Russia’s state energy firm cut gas flows to Ukraine yesterday after months of threats and deteriorating relations between the neighbours, with officials in Moscow warning of potential disruption to supplies elsewhere in Europe.
European Union leaders had urged Russia not to use energy supplies as a political weapon in its dispute with the new Ukrainian government, but soon after the Kremlin’s ally in Kiev was ousted by pro-EU demonstrators in February, state monopoly Gazprom increased prices by about 80 per cent.
Gazprom has since demanded that Ukraine clear nearly half of its $4.5bn (£2.62 million) debt and pay up front for future supplies and, after last-ditch talks ended early Monday morning without a compromise, the company confirmed that flows were cut. “Gazprom supplies to Ukraine only the amount that has been paid for, and the amount that has been paid for is zero,” spokesman Sergei Kupriyanov said.
The dispute over gas prices has run in tandem to an escalating uprising in eastern Ukraine, where pro-Russian separatists have seized government buildings in a rebellion which Ukrainian and Western officials say is backed by Moscow.
On Saturday insurgents shot down a Ukrainian transport plane, killing all 49 people on board in the deadliest incident of the crisis. Ukraine’s President Petro Poroshenko on Monday said he would propose a ceasefire in the region, but only after sealing the border with Russia.
Russia’s leaders deny they are providing support to the separatists, but the Kremlin views events in the former Soviet state as a Western-backed coup and responded by annexing the Black Sea peninsula of Crimea in March. The Ukrainian Prime Minister, Arseniy Yatsenyuk, claimed on Monday that Gazprom’s actions amounted to another attempt to manipulate political events.
“It is not about gas – it is a general Russian plan to destroy Ukraine,” he said. “It is yet another step against the Ukrainian state and against Ukrainian independence.”
The tug-of-war over Ukraine’s future has sent relations between Russia and the EU plummeting, but the bloc’s reliance on Russian energy has hampered efforts to pursue sanctions targeting Moscow’s key earner.
Russia’s President Vladimir Putin has not shied away from exploiting this dependence, sending a letter in April to 18 EU nations reliant on its energy and making veiled threats to the supplies.
More than half of the Russian gas consumed in the EU transits through Ukraine, and a similar dispute in the winter of 2009 prompted energy shortages in at least a dozen nations. Ukraine has enough gas stockpiled to last through the summer, however, and analysts say shortages would only be felt in the EU if no settlement is reached on the price and payment plan before the winter.
The EU’s energy commissioner, Günther Oettinger, said there would be no immediate impact on the bloc’s supply but recommended increasing the stockpiles in case the dispute dragged on. He expressed hope that negotiations between Kiev and Moscow could resume in the coming months, but for the moment there is stalemate, with Russia refusing a compromise payment of $1bn and cash-strapped Ukraine unwilling or unable to come up with another offer.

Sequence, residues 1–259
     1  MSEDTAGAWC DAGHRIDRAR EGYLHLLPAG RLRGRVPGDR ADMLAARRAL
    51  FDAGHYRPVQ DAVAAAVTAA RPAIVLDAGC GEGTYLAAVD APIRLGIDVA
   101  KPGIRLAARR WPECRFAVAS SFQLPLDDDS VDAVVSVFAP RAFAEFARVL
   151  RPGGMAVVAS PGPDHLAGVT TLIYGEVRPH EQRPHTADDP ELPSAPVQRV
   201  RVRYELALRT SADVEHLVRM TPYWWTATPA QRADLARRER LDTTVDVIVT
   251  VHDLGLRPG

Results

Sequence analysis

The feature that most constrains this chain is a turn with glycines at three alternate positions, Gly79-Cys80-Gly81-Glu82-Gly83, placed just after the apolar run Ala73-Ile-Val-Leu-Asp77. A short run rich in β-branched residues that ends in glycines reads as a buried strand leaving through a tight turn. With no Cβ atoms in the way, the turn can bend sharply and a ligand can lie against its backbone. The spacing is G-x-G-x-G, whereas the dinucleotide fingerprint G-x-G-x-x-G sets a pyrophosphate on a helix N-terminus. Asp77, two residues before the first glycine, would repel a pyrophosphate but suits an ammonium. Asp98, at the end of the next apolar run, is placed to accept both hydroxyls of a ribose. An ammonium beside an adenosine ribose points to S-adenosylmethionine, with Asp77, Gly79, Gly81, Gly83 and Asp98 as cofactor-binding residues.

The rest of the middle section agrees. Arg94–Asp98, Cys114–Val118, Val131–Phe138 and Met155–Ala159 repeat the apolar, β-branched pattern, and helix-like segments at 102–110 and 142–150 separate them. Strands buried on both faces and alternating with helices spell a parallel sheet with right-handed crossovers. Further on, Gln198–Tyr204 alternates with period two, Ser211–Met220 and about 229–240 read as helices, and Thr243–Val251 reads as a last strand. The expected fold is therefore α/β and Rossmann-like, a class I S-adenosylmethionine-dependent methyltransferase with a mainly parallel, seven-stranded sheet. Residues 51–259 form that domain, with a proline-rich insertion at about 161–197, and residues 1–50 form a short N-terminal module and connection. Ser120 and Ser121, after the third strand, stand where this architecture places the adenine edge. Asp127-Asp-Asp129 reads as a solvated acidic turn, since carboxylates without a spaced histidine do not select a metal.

Gazprom officials said they would honour commitments to the EU, but warned of possible disruption if Ukraine siphoned the gas rather than letting it flow through to its intended destination. “Regarding transit risks, they exist and they are not insignificant,” chief executive. Alexey Miller, told a news conference.
After Russia annexed Crimea, the EU and US imposed asset freezes and travel bans on dozens of Russian and Ukrainian officials, with Washington going after a handful of Russian oligarchs connected to the energy industry and close to Mr Putin. While the Russian opposition politician, Alexei Navalny, urged the West to sanction Mr Miller as well, Gazprom officials have so far escaped any restrictions.
The company has forged close relations with a number of European countries, sponsoring the UEFA Champion’s League and advertising with a German Bundesliga team. It is these strong but differing economic ties between the 28 EU nations and Russian companies which has so far prevented unity on moving towards deeper sanctions against Moscow.
The EU also gets around 30 per cent of all its energy from Russia, with that figure leaping to over 80 per cent in some eastern European nations. Despite pledges after the last gas crisis in 2009 to diversify supply and lessen the EU’s reliance on Russia, little action has been taken.
The sale of oil and gas does however account for 50 per cent of Russia’s federal budget reserves, and most of that goes to Europe. So the EU does have a hefty weapon in its toolbox if it decides later this month that Russia is not doing enough to quell unrest in eastern Ukraine.
G7 leaders meeting in Brussels in early June had given Russia until the end of the month to show that it was taking steps to try to quell the separatist violence in eastern Ukraine, or face further sanctions. Ahead of the downing of the plane on Saturday, there had been tentative signs of a rapprochement between Mr Putin and President Poroshenko, who was elected last month.
Today Mr Poroshenko said he would soon propose a peace plan, including a ceasefire in the east, the industrial heartland of Ukraine and home to many Russian speakers. Addressing his security chiefs, Mr Poroshenko said however that such a truce would be “irresponsible” while weapons and fighters were still transiting from Russia.Reuse content